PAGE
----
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After Indiana Beach, it was nice to have some order with most of the people wearing masks, and the carousel was maintained very well.

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Highly recommended for a quick stop if you’re in the area! We actually didn’t even know that it existed until we entered the town and saw that their sign had a picture of a carousel horse and said to “catch the brass ring.”

 

Thanks for reading! I hope that you enjoyed the report.

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I initially hesitated from putting up these pictures because my phone camera quality is pretty bad, and I left my "real" camera (though it's not perfect either) in the car. But I figure that there might be someone out there who enjoys them, even though we've all seen the same pictures of Cedar Point a million times. I'll be sticking to the captions here, but I wrote a few paragraphs over in the discussion thread if anyone cares.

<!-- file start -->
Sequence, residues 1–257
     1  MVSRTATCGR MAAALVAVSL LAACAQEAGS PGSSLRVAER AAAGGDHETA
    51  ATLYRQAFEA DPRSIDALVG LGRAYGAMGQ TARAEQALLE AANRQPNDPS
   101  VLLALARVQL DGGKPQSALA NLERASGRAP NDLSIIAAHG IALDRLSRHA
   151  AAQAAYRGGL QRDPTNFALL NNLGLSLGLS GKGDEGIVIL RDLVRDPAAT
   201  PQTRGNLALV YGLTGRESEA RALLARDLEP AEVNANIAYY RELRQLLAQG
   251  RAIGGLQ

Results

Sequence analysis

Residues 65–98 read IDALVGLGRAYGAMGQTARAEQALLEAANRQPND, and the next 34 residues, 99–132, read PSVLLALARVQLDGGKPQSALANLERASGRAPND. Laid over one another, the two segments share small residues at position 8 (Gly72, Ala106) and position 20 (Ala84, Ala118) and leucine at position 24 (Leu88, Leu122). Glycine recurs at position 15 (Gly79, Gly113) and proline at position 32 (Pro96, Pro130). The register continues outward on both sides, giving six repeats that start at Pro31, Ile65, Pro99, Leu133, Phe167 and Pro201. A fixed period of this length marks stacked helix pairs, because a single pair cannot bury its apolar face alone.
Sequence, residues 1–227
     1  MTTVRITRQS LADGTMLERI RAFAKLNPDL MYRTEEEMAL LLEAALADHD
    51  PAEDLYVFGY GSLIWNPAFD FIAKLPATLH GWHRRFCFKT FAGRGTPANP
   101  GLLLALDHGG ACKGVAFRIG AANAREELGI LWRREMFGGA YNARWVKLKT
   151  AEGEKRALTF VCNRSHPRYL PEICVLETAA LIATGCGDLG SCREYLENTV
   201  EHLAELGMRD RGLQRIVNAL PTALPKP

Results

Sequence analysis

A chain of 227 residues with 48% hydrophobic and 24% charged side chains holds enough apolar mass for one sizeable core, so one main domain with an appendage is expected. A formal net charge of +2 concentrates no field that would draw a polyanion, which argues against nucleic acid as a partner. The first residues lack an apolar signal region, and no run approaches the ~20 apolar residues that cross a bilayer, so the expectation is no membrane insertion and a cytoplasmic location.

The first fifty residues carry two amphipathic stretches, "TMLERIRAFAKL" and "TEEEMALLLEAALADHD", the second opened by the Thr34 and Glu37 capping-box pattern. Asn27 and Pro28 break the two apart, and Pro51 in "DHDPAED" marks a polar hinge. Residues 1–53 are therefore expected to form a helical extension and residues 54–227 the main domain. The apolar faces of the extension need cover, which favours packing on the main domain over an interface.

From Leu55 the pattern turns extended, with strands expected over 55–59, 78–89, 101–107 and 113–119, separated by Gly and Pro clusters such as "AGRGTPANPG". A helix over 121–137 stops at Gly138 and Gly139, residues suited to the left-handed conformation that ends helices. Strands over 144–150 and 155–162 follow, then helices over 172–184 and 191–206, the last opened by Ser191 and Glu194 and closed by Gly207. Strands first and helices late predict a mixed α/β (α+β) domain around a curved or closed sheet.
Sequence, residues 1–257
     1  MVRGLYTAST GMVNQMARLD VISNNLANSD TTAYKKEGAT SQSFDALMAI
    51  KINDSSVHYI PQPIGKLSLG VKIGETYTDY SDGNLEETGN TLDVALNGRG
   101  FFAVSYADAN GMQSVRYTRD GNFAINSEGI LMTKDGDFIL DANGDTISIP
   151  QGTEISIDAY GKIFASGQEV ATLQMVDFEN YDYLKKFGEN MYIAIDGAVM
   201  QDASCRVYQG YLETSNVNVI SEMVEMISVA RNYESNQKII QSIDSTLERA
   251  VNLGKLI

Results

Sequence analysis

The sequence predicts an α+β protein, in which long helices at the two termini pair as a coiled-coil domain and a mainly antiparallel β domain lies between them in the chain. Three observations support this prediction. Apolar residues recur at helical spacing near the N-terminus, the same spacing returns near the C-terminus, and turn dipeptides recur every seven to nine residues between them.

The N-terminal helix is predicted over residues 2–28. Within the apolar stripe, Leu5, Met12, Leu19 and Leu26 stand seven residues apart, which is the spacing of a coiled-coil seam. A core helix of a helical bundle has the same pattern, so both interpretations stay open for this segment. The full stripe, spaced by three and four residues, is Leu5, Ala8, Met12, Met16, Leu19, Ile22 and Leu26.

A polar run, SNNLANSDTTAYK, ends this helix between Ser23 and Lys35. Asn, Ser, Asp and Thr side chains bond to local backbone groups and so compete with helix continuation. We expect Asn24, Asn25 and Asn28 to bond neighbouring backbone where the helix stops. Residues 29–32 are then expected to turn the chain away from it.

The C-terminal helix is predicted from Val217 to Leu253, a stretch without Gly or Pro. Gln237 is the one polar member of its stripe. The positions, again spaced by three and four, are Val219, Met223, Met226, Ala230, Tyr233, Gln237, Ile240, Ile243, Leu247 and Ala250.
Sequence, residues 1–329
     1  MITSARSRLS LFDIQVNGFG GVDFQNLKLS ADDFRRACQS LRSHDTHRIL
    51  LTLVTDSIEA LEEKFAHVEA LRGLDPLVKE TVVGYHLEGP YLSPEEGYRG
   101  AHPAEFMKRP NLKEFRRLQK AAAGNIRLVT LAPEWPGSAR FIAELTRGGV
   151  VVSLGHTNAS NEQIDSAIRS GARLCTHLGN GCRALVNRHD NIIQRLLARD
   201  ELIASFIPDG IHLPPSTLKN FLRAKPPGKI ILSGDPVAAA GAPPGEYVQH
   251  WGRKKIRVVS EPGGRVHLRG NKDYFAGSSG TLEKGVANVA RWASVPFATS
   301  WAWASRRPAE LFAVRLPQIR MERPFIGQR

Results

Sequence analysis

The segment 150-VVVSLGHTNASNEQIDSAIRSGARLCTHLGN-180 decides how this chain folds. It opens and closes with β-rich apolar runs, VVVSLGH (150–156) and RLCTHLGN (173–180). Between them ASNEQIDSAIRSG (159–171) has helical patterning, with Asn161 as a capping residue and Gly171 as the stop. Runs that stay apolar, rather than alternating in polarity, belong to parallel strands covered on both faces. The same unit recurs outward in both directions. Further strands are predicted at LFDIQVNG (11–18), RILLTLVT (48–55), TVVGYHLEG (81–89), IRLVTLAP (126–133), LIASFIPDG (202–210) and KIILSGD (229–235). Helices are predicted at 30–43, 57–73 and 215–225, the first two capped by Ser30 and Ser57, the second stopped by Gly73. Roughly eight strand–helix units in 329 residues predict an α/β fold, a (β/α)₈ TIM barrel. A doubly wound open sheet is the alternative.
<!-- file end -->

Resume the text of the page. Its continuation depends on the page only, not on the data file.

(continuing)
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I wasn't meaning to but caught one of the new eateries in this pic.

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Here's what someone meant about the trees by the Saloon being gone. Now you can see Millennium Force as clear as day.

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I didn't get a chance to ride Steel Vengeance this trip because it was a Saturday.

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But I did get lucky enough to ride the train!

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Rougarou was testing.